The Lubbock City Council will discuss the sale and use of legal synthetic marijuana in Lubbock at its meeting 6:15 p.m. Thursday at City Hall.
The Council will discuss a resolution directing the City of Lubbock Board of Health to examine the sale, use and hazards of synthetic marijuana as well as bath salts.
Gina Johnson, a freshman secondary education major at Lubbock Christian University, first learned of the legal synthetic marijuana being sold in Lubbock smoke shops when her 18-year-old son became a user.
Johnson brought the substance to the Council’s attention Thursday during its meeting.
Mayor Pro Tem and Councilwoman for District 5 Karen Gibson said she was unaware of the substance’s legal sales until Johnson appeared before the Council.
Synthetic marijuana, Johnson said, is sold in about 30 smoke shops in Lubbock and although a person must be at least 18 years old to enter a smoke shop, the substance is available to people of all ages.
The side effects of the substance, she said, include hallucinations, vomiting, chills, sweating, paranoia and the possibility of high blood pressure.
Johnson said she knows this first-hand because her son has experienced most of the side effects.
She said she discovered her son was a user of synthetic marijuana in May.
“I’m still fighting with him on a daily basis, but I want to stop this before it gets any further,” she said. “People that don’t know that this is out there are still trying it, and they’re still having these massive effects. People that do know that it’s out there don’t know what these effects can be. They don’t know how severe it is.”
Synthetic marijuana, she said, is often called legal, K2, spice, scooby snax, SpongeBud and dopey.
Aside from simulating marijuana, Johnson said synthetic marijuana is 10 times more potent and addictive than normal marijuana.
The substance comes in small packages and may contain different chemicals and ingredients on a daily basis. This, she said, is why so many people have had harmful effects after using once or hundreds of times.
Although the City of Lubbock cannot take any official action yet, Gibson said she urges the Council to take the substance seriously.
The first step, however, is to study the health issues related to the use of the substance, she said.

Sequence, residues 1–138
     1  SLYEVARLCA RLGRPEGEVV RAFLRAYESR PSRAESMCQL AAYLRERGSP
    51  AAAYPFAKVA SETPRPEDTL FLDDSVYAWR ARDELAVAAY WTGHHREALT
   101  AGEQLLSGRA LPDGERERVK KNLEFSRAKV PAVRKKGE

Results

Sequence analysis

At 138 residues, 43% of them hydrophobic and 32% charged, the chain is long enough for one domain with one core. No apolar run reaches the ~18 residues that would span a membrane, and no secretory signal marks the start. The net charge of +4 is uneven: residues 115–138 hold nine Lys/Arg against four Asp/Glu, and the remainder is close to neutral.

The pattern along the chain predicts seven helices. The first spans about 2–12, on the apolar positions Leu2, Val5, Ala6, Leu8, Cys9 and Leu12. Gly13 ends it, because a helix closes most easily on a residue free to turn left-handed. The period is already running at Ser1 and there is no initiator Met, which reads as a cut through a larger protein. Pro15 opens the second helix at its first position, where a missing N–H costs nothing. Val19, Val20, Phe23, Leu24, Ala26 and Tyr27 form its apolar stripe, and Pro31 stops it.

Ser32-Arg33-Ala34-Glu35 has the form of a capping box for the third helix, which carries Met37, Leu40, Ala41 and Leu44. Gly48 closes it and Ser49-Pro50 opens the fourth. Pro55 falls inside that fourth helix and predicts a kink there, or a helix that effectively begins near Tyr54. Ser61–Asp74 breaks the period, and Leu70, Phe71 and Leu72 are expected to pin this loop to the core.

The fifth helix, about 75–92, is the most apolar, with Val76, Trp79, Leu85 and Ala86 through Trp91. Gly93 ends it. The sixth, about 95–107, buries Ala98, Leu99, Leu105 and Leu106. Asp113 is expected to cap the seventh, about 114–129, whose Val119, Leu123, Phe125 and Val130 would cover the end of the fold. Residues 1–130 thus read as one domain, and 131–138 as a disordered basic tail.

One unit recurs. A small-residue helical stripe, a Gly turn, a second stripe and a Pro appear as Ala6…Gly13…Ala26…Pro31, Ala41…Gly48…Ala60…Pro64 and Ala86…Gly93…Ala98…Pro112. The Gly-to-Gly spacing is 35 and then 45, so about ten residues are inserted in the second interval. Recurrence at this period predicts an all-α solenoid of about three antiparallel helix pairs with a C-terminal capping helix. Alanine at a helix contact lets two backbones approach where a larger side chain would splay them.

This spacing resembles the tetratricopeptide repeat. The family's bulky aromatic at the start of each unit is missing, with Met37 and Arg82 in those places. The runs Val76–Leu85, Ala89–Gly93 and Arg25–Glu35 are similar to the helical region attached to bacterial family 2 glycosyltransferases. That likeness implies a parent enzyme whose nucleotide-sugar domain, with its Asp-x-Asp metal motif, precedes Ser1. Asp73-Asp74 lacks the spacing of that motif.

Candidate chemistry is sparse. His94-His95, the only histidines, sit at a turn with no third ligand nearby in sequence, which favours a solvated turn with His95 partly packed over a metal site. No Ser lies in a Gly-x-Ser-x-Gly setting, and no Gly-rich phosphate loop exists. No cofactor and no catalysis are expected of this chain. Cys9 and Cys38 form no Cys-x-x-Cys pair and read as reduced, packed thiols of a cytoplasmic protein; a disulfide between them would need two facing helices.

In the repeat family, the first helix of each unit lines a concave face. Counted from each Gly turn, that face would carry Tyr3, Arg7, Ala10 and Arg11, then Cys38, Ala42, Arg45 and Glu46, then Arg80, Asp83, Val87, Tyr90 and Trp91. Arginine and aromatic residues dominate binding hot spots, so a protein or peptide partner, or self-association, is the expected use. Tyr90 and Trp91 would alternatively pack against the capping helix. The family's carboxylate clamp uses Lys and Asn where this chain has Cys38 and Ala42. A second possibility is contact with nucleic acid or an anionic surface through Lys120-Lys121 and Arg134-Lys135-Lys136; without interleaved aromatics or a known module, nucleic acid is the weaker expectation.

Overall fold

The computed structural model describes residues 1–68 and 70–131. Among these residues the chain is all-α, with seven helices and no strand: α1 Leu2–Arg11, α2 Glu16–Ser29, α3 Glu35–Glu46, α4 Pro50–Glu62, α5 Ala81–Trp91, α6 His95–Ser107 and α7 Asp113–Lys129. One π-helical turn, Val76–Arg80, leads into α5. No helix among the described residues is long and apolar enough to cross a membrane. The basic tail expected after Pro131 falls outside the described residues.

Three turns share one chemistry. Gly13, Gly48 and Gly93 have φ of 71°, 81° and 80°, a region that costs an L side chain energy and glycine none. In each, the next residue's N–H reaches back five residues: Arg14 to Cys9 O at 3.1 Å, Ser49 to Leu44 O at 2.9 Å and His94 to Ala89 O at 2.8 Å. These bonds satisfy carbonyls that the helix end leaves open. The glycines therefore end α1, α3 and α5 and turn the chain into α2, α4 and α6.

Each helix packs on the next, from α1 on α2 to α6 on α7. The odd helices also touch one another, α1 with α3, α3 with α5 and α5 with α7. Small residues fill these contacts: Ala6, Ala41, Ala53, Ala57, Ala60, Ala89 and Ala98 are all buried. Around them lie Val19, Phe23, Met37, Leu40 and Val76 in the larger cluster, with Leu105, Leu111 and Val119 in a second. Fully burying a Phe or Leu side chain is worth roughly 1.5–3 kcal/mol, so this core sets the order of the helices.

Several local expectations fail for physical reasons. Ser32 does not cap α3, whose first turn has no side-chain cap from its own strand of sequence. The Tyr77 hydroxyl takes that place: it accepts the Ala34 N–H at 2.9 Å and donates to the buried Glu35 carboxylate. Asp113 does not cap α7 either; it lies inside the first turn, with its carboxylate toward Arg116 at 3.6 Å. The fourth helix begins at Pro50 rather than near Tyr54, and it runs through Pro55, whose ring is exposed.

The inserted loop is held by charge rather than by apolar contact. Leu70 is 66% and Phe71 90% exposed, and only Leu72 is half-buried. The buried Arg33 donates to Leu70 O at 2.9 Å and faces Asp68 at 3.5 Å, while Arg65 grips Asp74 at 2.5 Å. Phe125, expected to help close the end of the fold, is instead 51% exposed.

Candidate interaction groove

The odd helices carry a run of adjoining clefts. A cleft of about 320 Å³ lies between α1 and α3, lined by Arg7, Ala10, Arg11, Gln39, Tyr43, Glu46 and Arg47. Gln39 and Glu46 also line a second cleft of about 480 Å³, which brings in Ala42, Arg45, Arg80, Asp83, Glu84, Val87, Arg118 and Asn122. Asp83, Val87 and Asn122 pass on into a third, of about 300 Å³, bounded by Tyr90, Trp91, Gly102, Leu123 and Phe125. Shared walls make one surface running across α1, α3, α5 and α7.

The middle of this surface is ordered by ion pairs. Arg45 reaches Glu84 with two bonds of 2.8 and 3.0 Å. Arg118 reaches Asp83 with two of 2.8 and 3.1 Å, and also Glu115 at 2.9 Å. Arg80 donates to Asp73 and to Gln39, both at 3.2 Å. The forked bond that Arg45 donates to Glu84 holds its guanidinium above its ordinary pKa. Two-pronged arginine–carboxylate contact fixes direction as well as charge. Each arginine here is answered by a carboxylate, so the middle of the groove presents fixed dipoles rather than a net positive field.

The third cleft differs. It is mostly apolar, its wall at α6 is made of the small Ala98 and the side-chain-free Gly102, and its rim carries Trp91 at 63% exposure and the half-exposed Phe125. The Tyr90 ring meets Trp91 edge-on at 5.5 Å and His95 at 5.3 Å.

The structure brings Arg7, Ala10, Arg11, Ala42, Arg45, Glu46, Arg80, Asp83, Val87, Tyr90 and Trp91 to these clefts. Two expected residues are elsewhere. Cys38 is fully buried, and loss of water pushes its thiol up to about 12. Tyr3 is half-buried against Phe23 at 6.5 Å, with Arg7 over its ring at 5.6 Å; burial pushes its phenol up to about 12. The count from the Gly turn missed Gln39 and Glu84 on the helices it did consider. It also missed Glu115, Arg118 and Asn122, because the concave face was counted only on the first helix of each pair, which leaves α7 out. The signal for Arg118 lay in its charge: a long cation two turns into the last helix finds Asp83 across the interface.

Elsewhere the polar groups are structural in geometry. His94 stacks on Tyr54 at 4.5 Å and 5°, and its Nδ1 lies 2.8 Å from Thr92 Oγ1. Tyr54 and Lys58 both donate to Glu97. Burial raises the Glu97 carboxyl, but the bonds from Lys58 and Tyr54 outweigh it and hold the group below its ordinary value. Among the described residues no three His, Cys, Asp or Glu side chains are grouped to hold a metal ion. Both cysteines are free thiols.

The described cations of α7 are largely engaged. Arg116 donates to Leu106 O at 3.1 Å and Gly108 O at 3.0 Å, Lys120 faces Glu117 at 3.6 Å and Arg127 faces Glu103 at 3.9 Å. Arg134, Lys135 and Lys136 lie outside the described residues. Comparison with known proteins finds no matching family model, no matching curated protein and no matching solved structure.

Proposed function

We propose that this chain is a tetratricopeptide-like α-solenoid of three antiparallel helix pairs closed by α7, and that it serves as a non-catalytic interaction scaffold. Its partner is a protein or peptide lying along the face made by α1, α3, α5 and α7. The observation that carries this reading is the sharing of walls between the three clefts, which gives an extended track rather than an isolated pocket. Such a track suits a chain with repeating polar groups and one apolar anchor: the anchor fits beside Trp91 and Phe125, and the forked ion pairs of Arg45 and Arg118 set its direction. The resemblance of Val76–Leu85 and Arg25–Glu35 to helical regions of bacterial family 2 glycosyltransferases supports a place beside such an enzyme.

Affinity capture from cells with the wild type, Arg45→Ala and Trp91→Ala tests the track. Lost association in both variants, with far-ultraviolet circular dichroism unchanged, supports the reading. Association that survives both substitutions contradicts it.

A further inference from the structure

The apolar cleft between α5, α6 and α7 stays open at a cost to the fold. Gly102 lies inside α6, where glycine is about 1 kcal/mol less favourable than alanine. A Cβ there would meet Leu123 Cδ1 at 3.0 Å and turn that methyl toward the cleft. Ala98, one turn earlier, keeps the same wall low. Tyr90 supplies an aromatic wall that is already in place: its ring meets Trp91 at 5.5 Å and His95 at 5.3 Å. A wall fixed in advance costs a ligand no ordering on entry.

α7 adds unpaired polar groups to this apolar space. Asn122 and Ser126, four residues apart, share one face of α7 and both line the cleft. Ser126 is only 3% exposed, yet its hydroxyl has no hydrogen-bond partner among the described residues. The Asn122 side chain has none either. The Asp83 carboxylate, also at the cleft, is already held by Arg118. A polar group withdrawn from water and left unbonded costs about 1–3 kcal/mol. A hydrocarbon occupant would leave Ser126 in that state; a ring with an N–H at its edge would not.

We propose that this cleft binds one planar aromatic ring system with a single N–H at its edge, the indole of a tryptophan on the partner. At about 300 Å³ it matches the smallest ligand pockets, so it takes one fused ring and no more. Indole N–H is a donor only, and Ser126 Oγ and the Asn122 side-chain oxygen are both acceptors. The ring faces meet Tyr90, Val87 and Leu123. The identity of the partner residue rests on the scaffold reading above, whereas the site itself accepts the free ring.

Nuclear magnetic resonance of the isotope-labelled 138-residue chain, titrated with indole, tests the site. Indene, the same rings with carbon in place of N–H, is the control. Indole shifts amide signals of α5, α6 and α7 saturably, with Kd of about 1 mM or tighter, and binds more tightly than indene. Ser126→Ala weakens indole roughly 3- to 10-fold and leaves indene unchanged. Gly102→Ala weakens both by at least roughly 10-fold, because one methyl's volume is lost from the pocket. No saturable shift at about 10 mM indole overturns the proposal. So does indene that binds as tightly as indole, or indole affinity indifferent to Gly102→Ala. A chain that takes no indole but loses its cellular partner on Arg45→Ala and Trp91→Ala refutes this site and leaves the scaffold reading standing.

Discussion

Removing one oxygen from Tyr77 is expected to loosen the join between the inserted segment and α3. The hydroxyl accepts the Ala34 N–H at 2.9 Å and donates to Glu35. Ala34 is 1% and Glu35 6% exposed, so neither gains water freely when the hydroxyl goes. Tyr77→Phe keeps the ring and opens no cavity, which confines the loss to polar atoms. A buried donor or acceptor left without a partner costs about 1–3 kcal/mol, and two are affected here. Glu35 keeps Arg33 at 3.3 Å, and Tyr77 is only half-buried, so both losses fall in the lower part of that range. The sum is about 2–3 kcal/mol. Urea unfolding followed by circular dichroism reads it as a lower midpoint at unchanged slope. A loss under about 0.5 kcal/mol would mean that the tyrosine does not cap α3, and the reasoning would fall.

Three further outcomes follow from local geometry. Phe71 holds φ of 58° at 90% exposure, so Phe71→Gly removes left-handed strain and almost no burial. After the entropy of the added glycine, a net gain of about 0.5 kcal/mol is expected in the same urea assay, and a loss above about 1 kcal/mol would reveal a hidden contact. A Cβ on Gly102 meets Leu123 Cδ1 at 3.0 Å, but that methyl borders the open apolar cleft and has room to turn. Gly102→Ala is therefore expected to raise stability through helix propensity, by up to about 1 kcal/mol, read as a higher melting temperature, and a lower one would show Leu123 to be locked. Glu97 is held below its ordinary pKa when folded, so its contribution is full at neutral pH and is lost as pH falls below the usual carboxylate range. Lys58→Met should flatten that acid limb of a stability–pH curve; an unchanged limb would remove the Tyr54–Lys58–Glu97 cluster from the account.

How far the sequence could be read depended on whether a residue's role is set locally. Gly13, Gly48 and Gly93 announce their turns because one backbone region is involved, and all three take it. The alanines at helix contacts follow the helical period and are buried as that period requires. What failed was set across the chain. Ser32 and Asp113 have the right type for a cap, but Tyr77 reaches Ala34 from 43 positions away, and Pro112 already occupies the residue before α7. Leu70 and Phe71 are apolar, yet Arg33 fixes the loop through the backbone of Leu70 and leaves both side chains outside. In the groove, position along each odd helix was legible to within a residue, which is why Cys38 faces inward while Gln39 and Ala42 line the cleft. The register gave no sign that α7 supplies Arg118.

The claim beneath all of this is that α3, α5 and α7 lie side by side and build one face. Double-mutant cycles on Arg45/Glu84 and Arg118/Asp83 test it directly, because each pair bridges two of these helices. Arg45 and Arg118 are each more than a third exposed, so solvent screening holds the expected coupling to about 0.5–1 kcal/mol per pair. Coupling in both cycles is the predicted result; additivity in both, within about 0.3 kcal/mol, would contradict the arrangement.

Whereas a first step may be necessary, Gibson said she does not think it will be enough.
Gibson said she suggests an emergency 90-day ban on synthetic marijuana in the City of Lubbock until its effects can be further examined and more action can be taken.
The problem with placing an overall ban on the substance, she said, is that manufacturers can tweak the chemicals within the substance.
This makes the ban ineffective because it only can be placed on specific ingredients within the substance, Gibson said.
“These people can do whatever they want to,” she said. “It is sickening.”
She also said the City Attorney, Sam Medina, is checking into what legal action can be taken, including placing an age requirement for buyers.
Making people aware of the side effects of synthetic marijuana is the key to combat its usage, Gibson said.
“Our best bet is just going to be to educate people,” she said, “until we can figure out how to take care of it.”
Johnson said she has been urging smoke shops to discontinue the sale of synthetic marijuana, but the money generated from the substance is too good for many shops to pass up.
Smoke shops, Gibson said, are not without clientele either.
“This is a huge industry,” she said. “People are making a fortune off this stuff, and they’re marketing it to kids. It’s just crazy.”
Johnson said she is working on creating a website to educate people not only of the Lubbock community but also across the nation about the effects of synthetic marijuana.
On the website, she said she would list which businesses have not banned the sale of the substance on a “wall of shame.”
“A lot of (people) think that because it’s legal, it’s safe and it’s not,” Johnson said. “It’s not safe at all. And it’s not that it’s legal. It’s that we can’t keep up with these manufacturers to keep it banned.”
Johnson said she hopes a nationwide ban will be placed on all substances which simulate marijuana.
J.B. Felipe, a junior electronic media and communications major from Fort Worth, said he questions the safety of the substance, but is neutral in the argument against it.
“People are interested in trying new things, I guess, and it’s legal, and if they want to try it and they want to go for it, I’ll support it, but I wouldn’t do it,” he said.
However, Felipe said he sees the regulation of the substance in Lubbock as positive.
“I think the ban would be sort of a good thing,” he said. “It’s all about experiences, I guess, in college. People want to try synthetic marijuana and see what it does. There’s good and bad in it. It’s their choice.”
Johnson said she will attend every City Council meeting until legal action has been taken against synthetic marijuana.
She said if people know someone who is having a reaction to the substance, they should first call 911 and Poison Control second.